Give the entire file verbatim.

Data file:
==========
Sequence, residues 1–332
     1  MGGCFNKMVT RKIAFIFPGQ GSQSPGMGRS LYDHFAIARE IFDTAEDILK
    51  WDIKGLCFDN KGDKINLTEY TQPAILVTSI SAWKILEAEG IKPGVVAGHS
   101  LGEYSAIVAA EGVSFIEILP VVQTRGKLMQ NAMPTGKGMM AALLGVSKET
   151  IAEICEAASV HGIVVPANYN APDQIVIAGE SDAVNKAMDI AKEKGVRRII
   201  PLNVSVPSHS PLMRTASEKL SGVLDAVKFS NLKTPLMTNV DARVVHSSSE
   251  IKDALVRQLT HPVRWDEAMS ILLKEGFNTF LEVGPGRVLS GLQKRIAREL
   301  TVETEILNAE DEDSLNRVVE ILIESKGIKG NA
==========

Sequence, residues 1–332
     1  MGGCFNKMVT RKIAFIFPGQ GSQSPGMGRS LYDHFAIARE IFDTAEDILK
    51  WDIKGLCFDN KGDKINLTEY TQPAILVTSI SAWKILEAEG IKPGVVAGHS
   101  LGEYSAIVAA EGVSFIEILP VVQTRGKLMQ NAMPTGKGMM AALLGVSKET
   151  IAEICEAASV HGIVVPANYN APDQIVIAGE SDAVNKAMDI AKEKGVRRII
   201  PLNVSVPSHS PLMRTASEKL SGVLDAVKFS NLKTPLMTNV DARVVHSSSE
   251  IKDALVRQLT HPVRWDEAMS ILLKEGFNTF LEVGPGRVLS GLQKRIAREL
   301  TVETEILNAE DEDSLNRVVE ILIESKGIKG NA